You may have been following the progress on DoctorDirtbag’s earthbag house like I have. He’s been making a lot of progress. Note the freeform ferrocement roof and how he made the portal skylights. Watching these vids helped me realize how volunteering on a few houses could be more valuable than going to a workshop, assuming you had enough time to help out and travel to different jobs. I’m sure many homeowners would be glad to answer questions in exchange for the extra help. Our free Bulletin Board at EarthbagBuilding.com is one good way to meet up with other dirt baggers. (Send your project info to Kelly… his email address is on the About page.)
“Here’s the process of putting a roof on the completed section of the house. Took about 12 weeks. Each “slice” of the roof is comprised of a “shell” layer of grout (about an inch thick) which is placed on a bed of metal lath, then a “structural” layer of grout (inch and a half) which embeds a layer of welded wire mesh. The end of the video shows the section I’ll be tackling next, which is the center U-wall of the house.”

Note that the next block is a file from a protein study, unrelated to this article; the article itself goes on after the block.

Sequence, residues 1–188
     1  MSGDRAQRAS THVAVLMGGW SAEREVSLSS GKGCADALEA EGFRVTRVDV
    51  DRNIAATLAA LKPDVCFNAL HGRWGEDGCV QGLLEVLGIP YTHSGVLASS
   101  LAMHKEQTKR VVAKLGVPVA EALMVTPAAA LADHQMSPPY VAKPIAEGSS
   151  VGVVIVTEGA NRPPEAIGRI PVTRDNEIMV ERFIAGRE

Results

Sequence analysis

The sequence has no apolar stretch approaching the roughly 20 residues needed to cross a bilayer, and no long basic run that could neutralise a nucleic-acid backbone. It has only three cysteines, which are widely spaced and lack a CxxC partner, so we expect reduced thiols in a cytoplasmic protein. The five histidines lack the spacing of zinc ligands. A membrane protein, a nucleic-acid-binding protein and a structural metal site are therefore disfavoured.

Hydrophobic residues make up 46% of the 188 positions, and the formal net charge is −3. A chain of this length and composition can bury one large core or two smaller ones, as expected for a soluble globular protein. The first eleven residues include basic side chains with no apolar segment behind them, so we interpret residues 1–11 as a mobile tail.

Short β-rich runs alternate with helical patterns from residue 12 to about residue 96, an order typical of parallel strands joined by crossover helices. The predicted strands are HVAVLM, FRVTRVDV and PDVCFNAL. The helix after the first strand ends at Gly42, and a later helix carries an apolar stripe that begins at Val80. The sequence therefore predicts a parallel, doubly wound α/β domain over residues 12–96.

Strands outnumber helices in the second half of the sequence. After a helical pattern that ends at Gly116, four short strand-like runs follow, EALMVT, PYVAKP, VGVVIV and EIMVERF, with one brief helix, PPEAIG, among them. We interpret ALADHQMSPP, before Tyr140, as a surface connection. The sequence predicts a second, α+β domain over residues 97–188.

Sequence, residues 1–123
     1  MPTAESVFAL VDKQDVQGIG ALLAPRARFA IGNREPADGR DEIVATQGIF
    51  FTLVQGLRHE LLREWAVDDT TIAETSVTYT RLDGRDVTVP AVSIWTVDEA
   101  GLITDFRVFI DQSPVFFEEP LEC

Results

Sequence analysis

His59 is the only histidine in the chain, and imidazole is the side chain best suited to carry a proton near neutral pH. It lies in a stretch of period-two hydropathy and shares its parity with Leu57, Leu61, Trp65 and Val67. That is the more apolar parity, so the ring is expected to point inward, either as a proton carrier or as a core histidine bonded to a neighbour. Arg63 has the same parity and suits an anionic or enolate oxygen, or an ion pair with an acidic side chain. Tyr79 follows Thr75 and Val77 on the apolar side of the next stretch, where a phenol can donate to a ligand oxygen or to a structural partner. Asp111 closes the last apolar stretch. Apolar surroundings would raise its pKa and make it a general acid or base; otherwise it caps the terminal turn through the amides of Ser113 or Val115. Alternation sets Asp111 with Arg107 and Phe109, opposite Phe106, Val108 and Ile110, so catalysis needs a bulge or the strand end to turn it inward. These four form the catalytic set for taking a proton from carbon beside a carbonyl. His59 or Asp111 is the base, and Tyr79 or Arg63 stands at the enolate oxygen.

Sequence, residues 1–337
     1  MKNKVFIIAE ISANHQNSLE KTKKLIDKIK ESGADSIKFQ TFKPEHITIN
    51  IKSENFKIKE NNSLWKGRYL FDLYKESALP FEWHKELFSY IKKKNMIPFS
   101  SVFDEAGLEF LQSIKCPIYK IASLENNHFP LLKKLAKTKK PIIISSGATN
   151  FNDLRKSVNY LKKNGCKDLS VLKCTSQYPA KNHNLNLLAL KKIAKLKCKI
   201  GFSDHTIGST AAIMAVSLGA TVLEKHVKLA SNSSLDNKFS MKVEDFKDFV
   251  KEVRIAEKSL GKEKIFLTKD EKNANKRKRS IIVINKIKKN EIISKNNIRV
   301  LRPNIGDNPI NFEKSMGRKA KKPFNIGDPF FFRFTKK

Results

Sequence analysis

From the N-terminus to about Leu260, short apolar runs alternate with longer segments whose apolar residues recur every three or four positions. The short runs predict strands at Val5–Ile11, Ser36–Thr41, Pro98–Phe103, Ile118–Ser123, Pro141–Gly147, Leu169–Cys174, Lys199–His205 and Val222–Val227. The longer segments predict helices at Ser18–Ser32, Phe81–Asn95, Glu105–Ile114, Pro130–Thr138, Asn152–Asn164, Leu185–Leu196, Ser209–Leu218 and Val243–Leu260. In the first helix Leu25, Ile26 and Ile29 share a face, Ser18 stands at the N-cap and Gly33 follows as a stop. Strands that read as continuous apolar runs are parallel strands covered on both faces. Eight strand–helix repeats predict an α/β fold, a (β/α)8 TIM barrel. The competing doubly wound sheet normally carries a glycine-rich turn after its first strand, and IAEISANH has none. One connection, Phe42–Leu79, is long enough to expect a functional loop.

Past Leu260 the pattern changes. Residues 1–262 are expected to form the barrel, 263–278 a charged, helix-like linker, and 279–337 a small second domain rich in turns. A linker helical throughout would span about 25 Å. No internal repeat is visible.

Q: If you don’t mind me asking how much does this project cost? You are doing a great job thank you.
A: That’s a loaded question, but the materials (sand, gravel, lumber, rebar, cement, lime, bags, windows, doors, and various doodads) for the dome and house I’ve spent approximately $7k. I’ve put about $2.5k into solar power so far.
Q: So how many bags did u end up using?
A: So far I’ve used about 3000 of the large bags on the dome and house combined. I’ll be ordering another 1000 bags to finish the house and smaller projects.
Q: Nice, but it cannot stand rain.
A: Let me help you understand. Those bags look soft and fluffy, huh? They’re not. They’re 100 lb bricks, and they’re hard as rock. Cover them with plaster and they stand forever. Thanks for your comment, but it doesn’t hold water. : )